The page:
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Assessing ESL coatings
Assessing ESL coatings
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Old 18th July 2018, 09:37 AM   #1
bentoronto is offline bentoronto  Canada
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Assessing ESL coatings
Default Assessing ESL coatings

How do you assess the correctness of ESL diaphragm coatings? What tools or measurement strategies enable builders to know if their coating is suitable? How and to what degree does performance deteriorate when the coating isn't right?

B.
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Old 18th July 2018, 03:19 PM   #2
alexberg is offline alexberg
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Then you need to define what's proper and what's not.
1. Painted a stripe. Tried to measure, no contact.
2. Painted contacts using aerosol graphite through stencil.
3. Diluted to a proper resistance. Painted, dried, tried to remove by folding.
Coating stays no matter what was done mechanically to the coated film.
Measured thickness using angled cut and microscope.
BTW Rainbow exhibiting wet coat (read really thin one) was O'K resistance wise when dried.
Did not care about the rest. No longevity tests were performed.

Last edited by alexberg; 18th July 2018 at 03:22 PM.
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Old 18th July 2018, 04:05 PM   #3
bentoronto is offline bentoronto  Canada
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Assessing ESL coatings
Great ideas, thanks... using a fixed-sized stripe as a standard.

But what would be a sensible resistance for a stripe say, one cm wide and 100 cm long? How to make a super-meg-Ohm tester? Using high voltages?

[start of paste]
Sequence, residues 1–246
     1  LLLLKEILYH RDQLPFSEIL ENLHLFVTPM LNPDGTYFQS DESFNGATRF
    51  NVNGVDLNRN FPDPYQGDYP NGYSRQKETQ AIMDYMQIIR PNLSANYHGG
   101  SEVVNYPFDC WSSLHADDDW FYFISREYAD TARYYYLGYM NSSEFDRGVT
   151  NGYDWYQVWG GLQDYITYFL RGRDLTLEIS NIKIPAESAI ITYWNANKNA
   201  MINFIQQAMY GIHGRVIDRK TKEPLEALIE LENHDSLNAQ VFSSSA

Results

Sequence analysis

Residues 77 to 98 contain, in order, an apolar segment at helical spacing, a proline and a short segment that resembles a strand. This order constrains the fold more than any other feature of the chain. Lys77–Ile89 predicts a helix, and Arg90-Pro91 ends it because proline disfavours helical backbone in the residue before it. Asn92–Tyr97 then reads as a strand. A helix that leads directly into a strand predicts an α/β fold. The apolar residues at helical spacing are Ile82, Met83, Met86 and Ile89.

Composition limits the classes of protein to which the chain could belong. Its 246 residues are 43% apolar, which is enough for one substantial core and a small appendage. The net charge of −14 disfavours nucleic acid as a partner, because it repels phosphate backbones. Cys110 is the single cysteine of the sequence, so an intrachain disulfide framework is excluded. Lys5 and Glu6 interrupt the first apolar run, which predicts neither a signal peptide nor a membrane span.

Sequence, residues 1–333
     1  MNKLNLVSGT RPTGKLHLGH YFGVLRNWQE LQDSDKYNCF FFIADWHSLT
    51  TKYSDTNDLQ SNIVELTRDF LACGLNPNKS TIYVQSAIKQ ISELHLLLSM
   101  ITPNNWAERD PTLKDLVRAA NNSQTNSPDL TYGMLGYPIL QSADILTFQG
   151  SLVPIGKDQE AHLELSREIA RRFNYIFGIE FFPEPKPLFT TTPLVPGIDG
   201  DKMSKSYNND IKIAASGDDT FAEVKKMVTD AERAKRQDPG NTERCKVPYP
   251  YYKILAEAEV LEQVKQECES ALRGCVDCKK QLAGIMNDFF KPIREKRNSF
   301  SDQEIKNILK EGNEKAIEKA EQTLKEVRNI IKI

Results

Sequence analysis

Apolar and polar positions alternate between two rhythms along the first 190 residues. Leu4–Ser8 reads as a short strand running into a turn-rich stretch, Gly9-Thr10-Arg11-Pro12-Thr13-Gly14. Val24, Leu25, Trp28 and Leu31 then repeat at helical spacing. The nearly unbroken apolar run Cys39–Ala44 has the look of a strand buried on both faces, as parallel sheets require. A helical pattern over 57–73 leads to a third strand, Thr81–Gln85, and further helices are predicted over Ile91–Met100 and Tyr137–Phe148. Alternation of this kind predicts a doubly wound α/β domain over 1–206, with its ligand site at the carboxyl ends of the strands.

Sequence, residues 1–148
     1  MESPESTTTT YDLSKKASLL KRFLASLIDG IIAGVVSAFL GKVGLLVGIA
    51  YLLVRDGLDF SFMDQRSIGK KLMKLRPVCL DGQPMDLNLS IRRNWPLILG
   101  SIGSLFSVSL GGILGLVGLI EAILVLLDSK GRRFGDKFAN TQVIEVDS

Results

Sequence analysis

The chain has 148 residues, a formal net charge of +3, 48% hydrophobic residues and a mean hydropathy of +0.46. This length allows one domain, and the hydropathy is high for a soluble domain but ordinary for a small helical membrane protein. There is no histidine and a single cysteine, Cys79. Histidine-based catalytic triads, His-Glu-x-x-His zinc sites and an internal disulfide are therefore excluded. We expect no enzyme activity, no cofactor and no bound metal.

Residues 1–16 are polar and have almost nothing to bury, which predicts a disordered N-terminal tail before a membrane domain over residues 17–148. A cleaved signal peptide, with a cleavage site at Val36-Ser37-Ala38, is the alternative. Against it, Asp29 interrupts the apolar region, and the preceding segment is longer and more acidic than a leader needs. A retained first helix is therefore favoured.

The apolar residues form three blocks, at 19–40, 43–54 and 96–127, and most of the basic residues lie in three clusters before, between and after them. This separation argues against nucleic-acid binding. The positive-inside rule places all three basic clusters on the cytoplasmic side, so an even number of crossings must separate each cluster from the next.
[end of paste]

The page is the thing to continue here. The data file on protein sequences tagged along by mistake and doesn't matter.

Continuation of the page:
Just how does sound quality deteriorate if diaphragm resistance is too high or low?

B.
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Old 18th July 2018, 08:32 PM   #4
lcsaszar is offline lcsaszar  Hungary
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Too high -> very slow charge build-up time, i.e. long time until full sensitivity is reached
Too low -> charge migration, leading to distortion (no constant charge condition)
Too high is always better than too low, and a plastic diaphragm will naturally adsorb moisture from air, this has less than infinite resistance.
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Old 19th July 2018, 12:29 AM   #5
alexberg is offline alexberg
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Yep. I've used 3kV and uA meter. 10 cm wide and 1 cm long. I tied black polyurethane foam from semi packaging as well pressed by heavy copper pieces to make contact reproducible. I think thin foam/felt under the film will promote contact with heavy copper electrodes the very same way so you can move contact fixture across the whole area. Later on, by a chance, I've borrowed Fluke 1550 isolation meter, with up to 10kV voltage.
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Old 19th July 2018, 01:37 AM   #6
bentoronto is offline bentoronto  Canada
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Assessing ESL coatings
More great details.

BTW, use of that conductive plastic foam sounds like a good way to make contact with the diaphragm in the final construction. If high resistance keeps the charge from "moving" around, then it must make sense to have a wide-area contact at the edges of the diaphragm to supply and re-supply the charge.

B.
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